Blocking the Saphenofemoral Junction During Ultrasound-Guided Foam Sclerotherapy - Assessment of a Presumed Safety-measure Procedure

R.P.M. Ceulen*, E. A. Jagtman, A. Sommer, G. J. J. Teule, G. W. H. Schurink, Gerrit J. Kemerink

*Corresponding author for this work

Research output: Contribution to journalArticleAcademicpeer-review


Objectives: Ultrasound-guided foam sclerotherapy (UGFS) is a technique in which a mixture of sclerosing drug and gas is used to treat varicose veins. Several authors have demonstrated transient systemic effects after UGFS. These effects are not well understood but probably originate from a systemic distribution of the sclerosing foam. Therefore, safety measures have been developed to prevent foam from flowing into the deep venous system. The aim of the study is to evaluate whether blockage of the saphenofemoral (SF) junction by either manual compression or surgical ligation prevents microbubbles from leaking into the deep venous circulation. Methods: To detect the distribution of microbubbles, radioactive pertechnetate ((99m)TcO(4)(-)) was added to the foam solution. Initially, in vitro trials were performed in the laboratory to investigate the effect of (99m)Tc on foam stability. The time taken for foam to liquefy was measured for foam alone and for the mixture with (99m)Tc. In subsequent research, eight varicose great saphenous veins (GSVs) were treated by UGFS. In three patients, this treatment was preceded by surgical ligation of the SF junction. In three patients, the groin was manually compressed during UGFS. In two patients, UGFS was performed without compression of the groin. Results: In vitro, (99m)Tc did not influence foam stability; after 2.6 min all foam had reduced to Liquid, regardless of whether (99m)Tc had been added or not. In vivo trials showed that all patients showed a decrease in the cumulative amount of (99m)Tc detected in the GSV following polidocanol-(99m)Tc mixture injection. However, the decrease of radioactivity was slightly reduced when compression or ligation of the SF junction was performed. Conclusions: Blocking the SF junction during UGFS using either manual compression or ligation does not prevent, but may reduce the flow of foam into the femoral vein.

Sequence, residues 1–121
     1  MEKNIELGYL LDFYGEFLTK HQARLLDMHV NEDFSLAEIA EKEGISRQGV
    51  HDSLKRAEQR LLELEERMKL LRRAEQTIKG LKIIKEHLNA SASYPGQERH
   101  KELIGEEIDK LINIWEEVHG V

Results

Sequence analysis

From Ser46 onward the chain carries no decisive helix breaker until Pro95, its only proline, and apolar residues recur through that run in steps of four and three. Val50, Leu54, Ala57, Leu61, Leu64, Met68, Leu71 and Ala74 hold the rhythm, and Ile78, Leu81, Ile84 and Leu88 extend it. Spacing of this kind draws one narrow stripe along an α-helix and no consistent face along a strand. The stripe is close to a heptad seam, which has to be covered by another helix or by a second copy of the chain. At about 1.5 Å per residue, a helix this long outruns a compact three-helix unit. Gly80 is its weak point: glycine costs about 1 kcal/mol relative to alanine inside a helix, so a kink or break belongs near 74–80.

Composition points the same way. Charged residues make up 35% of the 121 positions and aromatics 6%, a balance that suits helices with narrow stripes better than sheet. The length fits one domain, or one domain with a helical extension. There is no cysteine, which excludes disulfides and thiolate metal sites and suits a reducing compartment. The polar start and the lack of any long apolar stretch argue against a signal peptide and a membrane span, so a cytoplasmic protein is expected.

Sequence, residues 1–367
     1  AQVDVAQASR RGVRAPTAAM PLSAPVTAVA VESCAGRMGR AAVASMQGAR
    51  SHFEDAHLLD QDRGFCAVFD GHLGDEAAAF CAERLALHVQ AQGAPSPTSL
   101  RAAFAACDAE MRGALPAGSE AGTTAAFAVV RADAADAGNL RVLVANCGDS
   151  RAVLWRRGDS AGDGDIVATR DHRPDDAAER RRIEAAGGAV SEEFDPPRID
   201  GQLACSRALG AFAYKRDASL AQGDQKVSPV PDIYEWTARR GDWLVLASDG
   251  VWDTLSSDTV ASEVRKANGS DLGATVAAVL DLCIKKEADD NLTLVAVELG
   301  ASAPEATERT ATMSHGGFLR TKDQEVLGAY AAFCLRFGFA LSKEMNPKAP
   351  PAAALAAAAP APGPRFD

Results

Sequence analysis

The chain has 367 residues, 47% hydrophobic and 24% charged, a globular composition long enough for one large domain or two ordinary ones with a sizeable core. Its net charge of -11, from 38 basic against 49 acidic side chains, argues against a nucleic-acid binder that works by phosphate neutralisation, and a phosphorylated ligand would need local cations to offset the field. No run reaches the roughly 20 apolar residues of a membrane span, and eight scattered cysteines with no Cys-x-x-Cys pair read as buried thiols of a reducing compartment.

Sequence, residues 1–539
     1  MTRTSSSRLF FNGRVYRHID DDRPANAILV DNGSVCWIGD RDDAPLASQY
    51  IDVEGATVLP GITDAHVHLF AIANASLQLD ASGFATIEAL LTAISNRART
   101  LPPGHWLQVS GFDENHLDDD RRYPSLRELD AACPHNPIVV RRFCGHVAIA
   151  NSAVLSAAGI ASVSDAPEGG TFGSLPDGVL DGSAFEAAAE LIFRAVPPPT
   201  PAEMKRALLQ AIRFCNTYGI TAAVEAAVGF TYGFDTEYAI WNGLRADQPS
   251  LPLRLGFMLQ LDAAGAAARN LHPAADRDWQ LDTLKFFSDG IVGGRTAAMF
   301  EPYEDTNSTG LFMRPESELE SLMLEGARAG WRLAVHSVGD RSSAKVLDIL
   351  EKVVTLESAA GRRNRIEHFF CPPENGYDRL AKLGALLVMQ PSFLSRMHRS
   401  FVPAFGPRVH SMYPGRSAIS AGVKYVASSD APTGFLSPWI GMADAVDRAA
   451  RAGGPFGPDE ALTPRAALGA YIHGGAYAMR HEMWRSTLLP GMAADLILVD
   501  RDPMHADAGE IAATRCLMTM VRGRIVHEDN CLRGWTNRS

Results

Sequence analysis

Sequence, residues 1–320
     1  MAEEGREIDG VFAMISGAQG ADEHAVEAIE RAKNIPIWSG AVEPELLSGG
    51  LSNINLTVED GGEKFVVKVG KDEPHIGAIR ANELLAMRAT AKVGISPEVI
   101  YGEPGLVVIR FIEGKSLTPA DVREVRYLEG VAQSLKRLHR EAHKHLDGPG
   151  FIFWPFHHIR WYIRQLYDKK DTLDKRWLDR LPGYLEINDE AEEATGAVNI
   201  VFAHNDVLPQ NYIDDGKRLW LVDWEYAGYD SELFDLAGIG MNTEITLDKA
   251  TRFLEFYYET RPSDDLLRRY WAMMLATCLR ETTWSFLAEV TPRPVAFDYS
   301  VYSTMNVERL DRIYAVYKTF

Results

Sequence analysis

Original languageEnglish
Pages (from-to)772-776
JournalEuropean Journal of Vascular and Endovascular Surgery
Issue number6
Publication statusPublished - Dec 2010


  • Varicose veins
  • Foam sclerotherapy
  • Polidocanol
  • Ligation
  • Saphenous vein

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